• Age and gender: Morgan horses have an average lifespan of 35 years. How old is the one you’re looking at? Also, is it a mare or stallion? And, if male, is it castrated? A gelding is slightly more expensive as the process costs $200 to $300. 
  • Physical attributes: The average Morgan horse’s height is 14.2 to 15.2 hands. So, shop within this range if you prefer a mature horse. The color is also important. Less common colors, such as palomino, silver, and grey, have a higher demand. 
  • Suitability to your needs: List your objectives and find a Morgan that ticks most boxes. Otherwise, the horse may never fulfill its “potential.”
  • Training: Has the horse undergone basic training? Does it have any training in the desired discipline? You must find out early. Otherwise, you may spend a fortune on training. Ask for the training records and competition documents if necessary.

Best Places to Buy an American Morgan Horse

There are many places to find Morgan horses for sale. Always begin by asking family and friends for referrals. If that fails, consider the following;

  • The American Morgan Horse Association (AMHA)

Founded in 1909, the American Morgan Horse Association is a membership organization for Morgan horse owners and breeders. It’s headquartered in Kentucky but can help anyone within the US find and take good care of Morgans. 

Therefore, it’s one of the best resources for a Morgan horse. The association will list your area’s Morgan owners, breeders, and trainers. It can also point you to state and county-level Morgan horse resources.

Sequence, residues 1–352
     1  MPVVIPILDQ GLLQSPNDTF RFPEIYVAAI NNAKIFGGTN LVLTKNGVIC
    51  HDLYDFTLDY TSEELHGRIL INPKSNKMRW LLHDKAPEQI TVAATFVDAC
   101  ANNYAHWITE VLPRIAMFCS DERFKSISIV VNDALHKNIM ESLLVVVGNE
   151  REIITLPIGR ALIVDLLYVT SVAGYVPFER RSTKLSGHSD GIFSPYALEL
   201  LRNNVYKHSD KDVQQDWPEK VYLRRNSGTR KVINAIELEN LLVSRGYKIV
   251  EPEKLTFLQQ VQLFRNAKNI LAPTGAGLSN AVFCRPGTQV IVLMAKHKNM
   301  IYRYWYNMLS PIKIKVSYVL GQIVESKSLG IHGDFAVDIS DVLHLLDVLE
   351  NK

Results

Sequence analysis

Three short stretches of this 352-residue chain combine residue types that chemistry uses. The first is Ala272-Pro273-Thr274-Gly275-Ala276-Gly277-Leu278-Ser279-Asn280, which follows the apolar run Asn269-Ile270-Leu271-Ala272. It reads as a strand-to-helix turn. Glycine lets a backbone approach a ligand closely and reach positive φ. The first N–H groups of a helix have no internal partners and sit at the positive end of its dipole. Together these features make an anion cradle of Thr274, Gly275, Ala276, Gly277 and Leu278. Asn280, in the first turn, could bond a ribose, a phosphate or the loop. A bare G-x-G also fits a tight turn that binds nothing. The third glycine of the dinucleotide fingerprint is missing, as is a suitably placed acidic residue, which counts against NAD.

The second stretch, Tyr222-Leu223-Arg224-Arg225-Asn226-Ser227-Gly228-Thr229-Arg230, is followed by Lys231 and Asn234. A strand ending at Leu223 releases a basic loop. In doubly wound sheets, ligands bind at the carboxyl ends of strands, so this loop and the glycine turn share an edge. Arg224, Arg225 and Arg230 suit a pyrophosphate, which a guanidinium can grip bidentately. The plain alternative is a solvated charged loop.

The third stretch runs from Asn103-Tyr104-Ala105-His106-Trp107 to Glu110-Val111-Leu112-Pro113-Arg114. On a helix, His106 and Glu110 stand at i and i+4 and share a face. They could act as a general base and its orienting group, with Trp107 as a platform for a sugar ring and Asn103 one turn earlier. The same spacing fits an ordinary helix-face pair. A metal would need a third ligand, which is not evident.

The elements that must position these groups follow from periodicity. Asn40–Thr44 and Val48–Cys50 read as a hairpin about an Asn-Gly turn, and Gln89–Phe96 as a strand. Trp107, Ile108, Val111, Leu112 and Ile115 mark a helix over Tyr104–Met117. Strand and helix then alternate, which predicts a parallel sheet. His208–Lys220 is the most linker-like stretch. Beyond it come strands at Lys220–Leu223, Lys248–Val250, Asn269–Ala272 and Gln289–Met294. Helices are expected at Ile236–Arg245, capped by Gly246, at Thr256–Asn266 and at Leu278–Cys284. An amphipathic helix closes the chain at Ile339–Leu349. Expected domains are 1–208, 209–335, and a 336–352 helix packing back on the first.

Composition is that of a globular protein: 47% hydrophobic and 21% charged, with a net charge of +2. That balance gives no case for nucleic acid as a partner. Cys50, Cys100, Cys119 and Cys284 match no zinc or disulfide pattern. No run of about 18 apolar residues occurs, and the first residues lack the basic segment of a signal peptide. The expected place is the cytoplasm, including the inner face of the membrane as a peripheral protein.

• Competitions

Shows and competitions provide the perfect opportunity to see the best Morgan horses in action. More importantly, you’ll meet owners and trainers. If a competing horse catches your eye, approach the owners and talk to the trainer. 

However, remember that not all shows and competitions are the same. Therefore, the first horse in a particular competition isn’t necessarily the best one among the lot. Indeed, a versatile Morgan is more desirable.  

  • Sales

There are three types of Morgan horse sales, production, consignment, and dispersal. Consignment sales are the most common but also the trickiest. For instance, some sellers are trying to get rid of problem horses. So, you must be extremely careful. Ideally, bring a veterinarian to help. Experienced trainers can help too.

Dispersal sales are less risky. The owners are typically going out of business. So, they’re trying to get rid of valuable stock. However, production sales are the safest as the owners use the opportunity to promote stock they’re proud of. 

  • Digital resources

The fast-expanding digital world offers many avenues to shop for Morgan horses. First, consider relevant social media communities in your locality. These include Facebook groups, Instagram pages, and Reddit forums.